Projection Into the Looking Glass

Prey (2016) is a game that I adore. You are Morgan, someone going to space today. That’s actually not true. That’s not who you are. You have been on a spaceship for a long time, lying to yourself. Everything you thought you knew about who you are was just a lie you told yourself. The spaceship is dying, attacked by an alien species that mimics the environment and infects any humans it encounters. You learn that this alien threat is unable to empathize. You are told they lack mirror neurons. You navigate dangerous work and living environments filled with something called Looking Glass. Looking Glass is a technology that displays simulated 3D environments that follow your viewpoint, making them seem real. But they’re not real.

The game is filled with moments of decision, some small and some large. You have to decide how you want to try to open a locked door. You could blow it up with a grenade, you could find the key in the Medical Lab, or you could fire a nerf dart through the hole in the window and hit the door button from the inside. You have to decide what you want to do with the spaceship. You could attempt to abandon the ship, finding the only private escape pod that works. You could destroy the alien species, spreading a nullwave across the universe and wiping them all out at once. Or you could destroy the ship and everyone on it, preventing any contamination with earth. Each decision is a chance to show who Morgan is. But not you. You are not Morgan.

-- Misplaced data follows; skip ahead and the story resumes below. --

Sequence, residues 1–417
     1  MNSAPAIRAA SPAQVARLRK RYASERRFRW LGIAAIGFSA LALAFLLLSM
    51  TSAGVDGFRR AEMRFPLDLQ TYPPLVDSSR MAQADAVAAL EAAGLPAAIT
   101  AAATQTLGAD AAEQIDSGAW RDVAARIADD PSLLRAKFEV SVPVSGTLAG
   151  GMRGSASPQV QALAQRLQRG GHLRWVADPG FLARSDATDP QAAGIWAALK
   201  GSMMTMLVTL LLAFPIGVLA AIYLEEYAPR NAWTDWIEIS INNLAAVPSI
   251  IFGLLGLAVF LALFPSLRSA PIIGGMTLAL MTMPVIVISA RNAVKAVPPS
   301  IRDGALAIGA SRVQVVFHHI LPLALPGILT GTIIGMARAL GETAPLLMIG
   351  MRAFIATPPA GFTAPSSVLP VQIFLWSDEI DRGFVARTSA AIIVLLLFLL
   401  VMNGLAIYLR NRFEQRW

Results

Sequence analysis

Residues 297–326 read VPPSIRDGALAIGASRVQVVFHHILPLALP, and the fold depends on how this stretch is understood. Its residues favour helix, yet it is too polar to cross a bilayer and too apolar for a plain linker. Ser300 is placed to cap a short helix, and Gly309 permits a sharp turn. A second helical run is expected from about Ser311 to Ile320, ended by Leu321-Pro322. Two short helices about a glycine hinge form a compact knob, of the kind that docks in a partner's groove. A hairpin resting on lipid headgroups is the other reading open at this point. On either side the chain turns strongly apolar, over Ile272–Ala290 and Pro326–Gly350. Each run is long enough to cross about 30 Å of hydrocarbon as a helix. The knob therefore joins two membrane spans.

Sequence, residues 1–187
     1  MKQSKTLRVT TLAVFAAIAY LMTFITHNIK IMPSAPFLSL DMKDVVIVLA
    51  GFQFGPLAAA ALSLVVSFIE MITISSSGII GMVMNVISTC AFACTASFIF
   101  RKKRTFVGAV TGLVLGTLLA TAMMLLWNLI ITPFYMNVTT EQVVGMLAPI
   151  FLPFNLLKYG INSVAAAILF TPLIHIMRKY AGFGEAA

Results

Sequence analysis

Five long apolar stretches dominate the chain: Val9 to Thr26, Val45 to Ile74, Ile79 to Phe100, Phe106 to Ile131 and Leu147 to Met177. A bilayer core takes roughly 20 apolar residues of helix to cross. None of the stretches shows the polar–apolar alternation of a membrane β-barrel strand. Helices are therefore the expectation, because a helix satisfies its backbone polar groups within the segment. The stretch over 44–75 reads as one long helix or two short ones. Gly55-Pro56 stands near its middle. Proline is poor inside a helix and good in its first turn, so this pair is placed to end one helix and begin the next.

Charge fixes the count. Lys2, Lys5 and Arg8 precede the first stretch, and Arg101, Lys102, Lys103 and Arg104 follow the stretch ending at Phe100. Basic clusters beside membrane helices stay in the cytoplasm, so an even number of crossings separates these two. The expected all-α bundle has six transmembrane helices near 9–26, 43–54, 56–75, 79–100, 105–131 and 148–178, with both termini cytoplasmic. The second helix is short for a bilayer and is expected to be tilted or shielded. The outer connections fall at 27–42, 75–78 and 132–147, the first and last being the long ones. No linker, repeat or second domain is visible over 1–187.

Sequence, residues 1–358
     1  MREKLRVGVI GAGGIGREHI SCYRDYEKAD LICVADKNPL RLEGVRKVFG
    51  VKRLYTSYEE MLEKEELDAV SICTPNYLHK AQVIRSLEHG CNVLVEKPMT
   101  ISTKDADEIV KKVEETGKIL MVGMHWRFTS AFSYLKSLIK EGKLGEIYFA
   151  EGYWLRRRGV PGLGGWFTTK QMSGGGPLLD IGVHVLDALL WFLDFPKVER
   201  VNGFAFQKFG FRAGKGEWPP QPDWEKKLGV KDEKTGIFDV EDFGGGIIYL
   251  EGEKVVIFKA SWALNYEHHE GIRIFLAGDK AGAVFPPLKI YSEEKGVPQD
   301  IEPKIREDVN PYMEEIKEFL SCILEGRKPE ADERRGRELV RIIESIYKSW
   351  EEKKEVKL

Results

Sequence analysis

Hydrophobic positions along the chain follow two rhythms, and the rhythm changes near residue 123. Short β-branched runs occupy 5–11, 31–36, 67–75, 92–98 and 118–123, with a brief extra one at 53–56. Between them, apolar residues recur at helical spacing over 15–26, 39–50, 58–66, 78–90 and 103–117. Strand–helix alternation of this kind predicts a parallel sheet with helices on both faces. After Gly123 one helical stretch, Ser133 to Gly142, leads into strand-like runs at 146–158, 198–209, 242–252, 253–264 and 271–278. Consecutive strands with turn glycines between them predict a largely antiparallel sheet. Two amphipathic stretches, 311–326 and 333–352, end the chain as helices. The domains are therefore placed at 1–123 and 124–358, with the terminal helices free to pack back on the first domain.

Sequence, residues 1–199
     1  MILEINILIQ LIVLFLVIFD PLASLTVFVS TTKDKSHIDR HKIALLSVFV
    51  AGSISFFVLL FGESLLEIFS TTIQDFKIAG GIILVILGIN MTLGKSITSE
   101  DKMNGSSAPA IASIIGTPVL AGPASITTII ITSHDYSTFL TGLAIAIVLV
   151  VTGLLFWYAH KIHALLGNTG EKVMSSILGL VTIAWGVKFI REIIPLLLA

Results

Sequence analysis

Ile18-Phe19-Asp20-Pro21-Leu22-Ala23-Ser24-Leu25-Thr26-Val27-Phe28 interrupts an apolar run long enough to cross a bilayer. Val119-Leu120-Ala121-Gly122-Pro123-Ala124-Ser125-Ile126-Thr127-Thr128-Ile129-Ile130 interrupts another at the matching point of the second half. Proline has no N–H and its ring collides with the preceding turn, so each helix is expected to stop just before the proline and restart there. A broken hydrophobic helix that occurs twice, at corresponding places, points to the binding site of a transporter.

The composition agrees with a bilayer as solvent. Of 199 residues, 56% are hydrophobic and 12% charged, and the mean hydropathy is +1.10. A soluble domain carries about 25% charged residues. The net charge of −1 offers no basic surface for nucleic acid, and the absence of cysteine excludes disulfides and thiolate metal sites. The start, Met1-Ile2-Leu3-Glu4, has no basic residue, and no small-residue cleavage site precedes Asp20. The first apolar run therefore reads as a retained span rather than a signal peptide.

Depending on your actions, the ship and the people on it change. They react to who you show yourself to be. Except they aren’t real. They’re artificial intelligences, programmed by the development studio to react to decisions a player character makes. They just seem real, because they react to you, and you know you’re real. It’s a trick of perspective.

Looking Glass technology doesn’t show a reflection, or even what’s behind it. It’s a projection, based on your point of view. And similarly, your player character is a projection of your empathy. Morgan can jump, glide, shoot, swing a wrench. But only you can project out empathy and decision-making. Only you can care or not about the people you meet. Only you know who you are.

The game reflects back what it sees in you. But it’s important to remember that that reflection is false. It too is a projection. It’s all a projection. It seems to be the only thing I can do.

Girl with needs and fears